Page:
Peabody Museum Monographs

Below is a list of in-print works in this collection, presented in series order or publication order as applicable.

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4.Cover: The Neville Site: 8,000 Years at Amoskeag, Manchester, New Hampshire

The Neville Site: 8,000 Years at Amoskeag, Manchester, New Hampshire

Dincauze, Dena Ferran

Analysis of the Neville Site demonstrated early connections between the New England area and the Southeast. Current excavations in Manchester have reinvigorated interest in the archaeology of New Hampshire and created a demand for this facsimile edition of the original 1976 publication.

8.Cover: Nyae Nyae !Kung Beliefs and Rites

Nyae Nyae !Kung Beliefs and Rites

Marshall, Lorna J.

9.Cover: The Breakout: The Origins of Civilization

The Breakout: The Origins of Civilization

Lamberg-Karlovsky, Martha

10.Cover: Remembering Awatovi: The Story of an Archaeological Expedition in Northern Arizona, 1935–1939

Remembering Awatovi: The Story of an Archaeological Expedition in Northern Arizona, 1935–1939

Davis, Hester A.

This is the engaging story of a major archaeological expedition on the Hopi Reservation in northern Arizona. Centered on the large Pueblo village of Awatovi, with its Spanish mission church and beautiful kiva murals, the excavations are renowned not only for the data they uncovered but also for the interdisciplinary nature of the investigation.

11.Cover: Anthropology at Harvard: A Biographical History, 1790–1940

Anthropology at Harvard: A Biographical History, 1790–1940

Browman, David L.
Williams, Stephen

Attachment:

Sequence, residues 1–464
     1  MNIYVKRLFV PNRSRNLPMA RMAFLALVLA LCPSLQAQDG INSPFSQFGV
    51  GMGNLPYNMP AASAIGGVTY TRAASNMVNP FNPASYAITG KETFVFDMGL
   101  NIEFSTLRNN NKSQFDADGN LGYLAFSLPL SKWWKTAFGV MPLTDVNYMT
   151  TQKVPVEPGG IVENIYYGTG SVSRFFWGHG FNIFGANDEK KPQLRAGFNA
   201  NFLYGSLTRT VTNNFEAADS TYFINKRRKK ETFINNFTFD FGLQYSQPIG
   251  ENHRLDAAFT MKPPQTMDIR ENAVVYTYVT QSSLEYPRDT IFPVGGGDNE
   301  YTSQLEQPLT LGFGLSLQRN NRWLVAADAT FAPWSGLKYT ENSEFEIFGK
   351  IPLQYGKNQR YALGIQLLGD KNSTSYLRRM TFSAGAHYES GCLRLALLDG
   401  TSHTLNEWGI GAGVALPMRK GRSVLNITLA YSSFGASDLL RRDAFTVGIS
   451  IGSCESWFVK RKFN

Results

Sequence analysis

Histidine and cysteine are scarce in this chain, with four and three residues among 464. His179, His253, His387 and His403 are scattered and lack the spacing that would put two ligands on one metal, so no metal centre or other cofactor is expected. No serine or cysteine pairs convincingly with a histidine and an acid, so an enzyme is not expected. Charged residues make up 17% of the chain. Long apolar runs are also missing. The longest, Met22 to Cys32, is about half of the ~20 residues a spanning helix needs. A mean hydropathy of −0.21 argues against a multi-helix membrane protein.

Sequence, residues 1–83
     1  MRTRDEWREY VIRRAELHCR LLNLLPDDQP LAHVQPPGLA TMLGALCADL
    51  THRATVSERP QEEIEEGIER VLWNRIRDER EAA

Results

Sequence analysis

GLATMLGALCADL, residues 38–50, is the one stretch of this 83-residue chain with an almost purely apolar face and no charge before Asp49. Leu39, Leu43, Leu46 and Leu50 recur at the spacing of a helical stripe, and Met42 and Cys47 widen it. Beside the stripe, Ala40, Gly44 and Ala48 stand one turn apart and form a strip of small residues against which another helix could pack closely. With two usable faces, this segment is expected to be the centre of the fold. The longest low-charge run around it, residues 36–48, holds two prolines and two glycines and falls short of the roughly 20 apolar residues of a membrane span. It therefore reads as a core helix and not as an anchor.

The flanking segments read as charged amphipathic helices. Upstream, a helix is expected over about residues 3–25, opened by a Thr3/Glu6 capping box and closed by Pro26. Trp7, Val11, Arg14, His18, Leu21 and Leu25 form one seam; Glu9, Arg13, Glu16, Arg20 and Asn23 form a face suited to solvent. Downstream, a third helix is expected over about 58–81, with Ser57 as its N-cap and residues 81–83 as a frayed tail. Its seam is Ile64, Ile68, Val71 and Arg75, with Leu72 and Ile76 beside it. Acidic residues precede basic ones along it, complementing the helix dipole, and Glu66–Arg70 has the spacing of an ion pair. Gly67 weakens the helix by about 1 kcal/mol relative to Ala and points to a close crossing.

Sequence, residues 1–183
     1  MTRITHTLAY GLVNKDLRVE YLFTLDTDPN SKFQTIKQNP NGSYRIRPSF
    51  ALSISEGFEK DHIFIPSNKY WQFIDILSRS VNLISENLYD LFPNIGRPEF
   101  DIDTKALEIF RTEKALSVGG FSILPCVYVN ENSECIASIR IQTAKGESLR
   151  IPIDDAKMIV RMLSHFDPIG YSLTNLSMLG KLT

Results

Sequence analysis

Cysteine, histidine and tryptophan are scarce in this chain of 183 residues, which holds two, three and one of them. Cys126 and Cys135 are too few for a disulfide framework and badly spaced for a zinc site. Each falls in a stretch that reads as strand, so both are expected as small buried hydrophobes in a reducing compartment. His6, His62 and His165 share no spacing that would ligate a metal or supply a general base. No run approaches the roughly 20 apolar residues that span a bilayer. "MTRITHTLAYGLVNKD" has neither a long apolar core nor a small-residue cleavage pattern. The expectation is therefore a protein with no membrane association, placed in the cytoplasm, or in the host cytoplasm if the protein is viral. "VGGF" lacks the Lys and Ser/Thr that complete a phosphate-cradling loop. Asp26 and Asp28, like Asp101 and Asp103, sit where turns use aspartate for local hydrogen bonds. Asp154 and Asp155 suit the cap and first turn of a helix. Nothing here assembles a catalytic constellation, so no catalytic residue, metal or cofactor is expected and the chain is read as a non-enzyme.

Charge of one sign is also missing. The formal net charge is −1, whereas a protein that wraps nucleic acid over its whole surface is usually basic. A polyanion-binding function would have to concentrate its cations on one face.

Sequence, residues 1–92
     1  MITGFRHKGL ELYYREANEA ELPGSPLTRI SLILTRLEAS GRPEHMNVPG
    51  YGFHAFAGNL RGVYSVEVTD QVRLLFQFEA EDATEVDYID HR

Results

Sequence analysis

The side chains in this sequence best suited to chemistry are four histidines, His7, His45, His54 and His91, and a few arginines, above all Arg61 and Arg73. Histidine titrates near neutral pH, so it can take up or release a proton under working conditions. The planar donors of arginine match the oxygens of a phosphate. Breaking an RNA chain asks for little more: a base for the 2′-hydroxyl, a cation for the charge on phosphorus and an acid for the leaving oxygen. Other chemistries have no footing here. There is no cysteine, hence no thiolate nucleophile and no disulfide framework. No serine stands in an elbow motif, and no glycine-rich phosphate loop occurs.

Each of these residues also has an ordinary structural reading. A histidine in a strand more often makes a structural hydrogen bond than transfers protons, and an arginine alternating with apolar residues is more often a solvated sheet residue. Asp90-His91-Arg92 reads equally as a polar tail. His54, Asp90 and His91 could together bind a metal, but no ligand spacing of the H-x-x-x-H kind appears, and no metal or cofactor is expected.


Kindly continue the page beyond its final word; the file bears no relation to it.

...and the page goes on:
The history of anthropology at Harvard is told through vignettes about the people, famous and obscure, who shaped the discipline at Harvard College and the Peabody Museum. The role of amateurs and private funders in the early growth of the field is highlighted, as is the participation of women and of students and scholars of diverse ethnicities.

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Jacket, Bored, Lonely, Angry, Stupid: Changing Feelings about Technology, from the Telegraph to Twitter, by Luke Fernandez and Susan J. Matt, from Harvard University Press

Technology, Biology, Chronology

Fears and anxieties about the latest technologies are nothing new, say Luke Fernandez and Susan J. Matt, authors of Bored, Lonely, Angry, Stupid: Changing Feelings about Technology, from the Telegraph to Twitter. But neither is the fact that they often provide new ways for us to connect and socialize. Mark Twain is rumored to have said “History doesn’t repeat itself, but it often rhymes.” Of late, much press has been spent on uncovering those rhymes, focusing on the similarities between the current epidemic and past ones. These stories underscore the lesson that progress hasn't allowed us to escape the suffering of earlier